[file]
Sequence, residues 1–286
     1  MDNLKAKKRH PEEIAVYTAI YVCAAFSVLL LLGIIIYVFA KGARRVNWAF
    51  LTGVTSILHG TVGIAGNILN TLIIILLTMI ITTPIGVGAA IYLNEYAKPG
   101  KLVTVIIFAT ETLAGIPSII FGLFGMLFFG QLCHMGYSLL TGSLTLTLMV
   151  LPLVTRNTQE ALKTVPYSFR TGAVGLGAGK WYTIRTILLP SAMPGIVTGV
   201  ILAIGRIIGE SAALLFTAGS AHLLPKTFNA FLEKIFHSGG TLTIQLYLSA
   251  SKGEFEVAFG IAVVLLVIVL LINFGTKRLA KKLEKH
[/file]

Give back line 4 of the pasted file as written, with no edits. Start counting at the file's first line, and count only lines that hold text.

   101  KLVTVIIFAT ETLAGIPSII FGLFGMLFFG QLCHMGYSLL TGSLTLTLMV